This supremely popular tire won our Editors' Choice Award for its confidence-inspiring cornering ability, trail tough EXO sidewall protection, and versatility in typical enduro mountain biking terrain. With an unyielding, aggressive knob pattern, this tire knows when to hold and straight up refuses to fold. Run it on the front, back, or both wheels. The 3C Maxx Terra compound offers softer, grippier rubber on the edges for predictable bite and control when dumping into a corner at speed and a harder rubber on the center tread to help you accelerate out the other end. Keep reading to see how this tire stacked up against the others in our test.
Maxxis Minion DHF 3C/EXO Review
Cons: Not awesome on hardpack, high rolling resistance, moderately expensive, requires good technique
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Our Analysis and Test Results
Bestowed our prestigious Editors' Choice Award, we simply lost count of how many times this tire saved our chamois-padded butts. It has the ability to literally make trail conditions better. During our historic summer drought, the mountain bike trails got so beat up and sandy we started wishing we got assigned a rock climbing gear review instead. We were pretty much "over it." Then we rode the Minion DHF.
Suddenly, having fun on our bikes became a lot less conditions dependent. Instead of feeling like toddlers fumbling around in a sandbox with a plastic shovel, we felt like bulldozer operators. As good as this tire was during our dry summer, our passion for it grew stronger as the seasons changed and moisture finally fell. It seemed like no matter what we threw at this tire, it welcomed it with open treads and begged for more.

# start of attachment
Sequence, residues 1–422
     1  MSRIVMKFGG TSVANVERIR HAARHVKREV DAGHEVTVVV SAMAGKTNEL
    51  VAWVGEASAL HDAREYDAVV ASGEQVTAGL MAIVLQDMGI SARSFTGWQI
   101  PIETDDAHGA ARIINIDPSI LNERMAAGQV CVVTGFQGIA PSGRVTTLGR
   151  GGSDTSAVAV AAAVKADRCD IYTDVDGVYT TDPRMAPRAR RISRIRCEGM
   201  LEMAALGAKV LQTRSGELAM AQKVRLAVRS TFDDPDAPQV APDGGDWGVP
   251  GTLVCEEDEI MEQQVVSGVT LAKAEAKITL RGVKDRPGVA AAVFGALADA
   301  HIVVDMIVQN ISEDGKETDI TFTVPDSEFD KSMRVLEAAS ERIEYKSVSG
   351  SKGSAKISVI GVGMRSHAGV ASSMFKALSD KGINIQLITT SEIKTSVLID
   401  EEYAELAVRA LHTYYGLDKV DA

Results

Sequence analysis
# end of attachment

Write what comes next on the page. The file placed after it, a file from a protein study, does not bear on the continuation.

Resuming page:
Trying to get Salt-N-Peppa and Ice Cube lyrics out of our heads was the only thing we didn't really like when it came to cornering this tire. "P-push it real good" because no matter how much you "put your back in to it" you can't push this tire too hard. The EXO casing adds plenty of sidewall support while remaining supple enough to allow the tread to mold to the ground and stay seated on the rim. Nary a tester uttered a complaint about this tire squirming or folding beneath them. If you're lucky enough to call Moab home, the knobs might be a bit aggressive for slickrock. Same goes for exceptionally packed dirt. This tire does best when it has at least something to dig its teeth into.
The dual rubber compound of the 3C Maxx Terra version we tested uses a softer compound for the shoulder knobs. Once you hit the sweet spot, these knobs stick like a wet tongue to a frozen flagpole. Sitting atop the firmer rubber used for the base of the tire, we suspected the aggressive, alternating rectangular and L-shaped shoulder knobs might be a bit tippy when weighted or pushed into turns. We couldn't have been more wrong, as the knobs stood tall and refused to yield. The predominantly sandy conditions characteristic of Lake Tahoe during the heat of summer are a great match for this tire.
Don't hesitate to lean the bike over into corners with this tire, though. It can feel a bit wandery if left to hang out in its transitional area too long. The Specialized Butcher has similar cornering characteristics at a lower price point and was awarded our Best Buy. The WTB Vigilante also railed corners but we didn't feel quite as confident on that tire as it's large side knobs got a little squirmy on firm ground. Our confidence was also hard to muster on the Continental Mountain King due to the extremely large dead spot that had to be conquered before the side knobs engaged. The Schwalbe Hans Dampf provided a drifty cornering feel that was very different from the "locked in" feel of the above tires.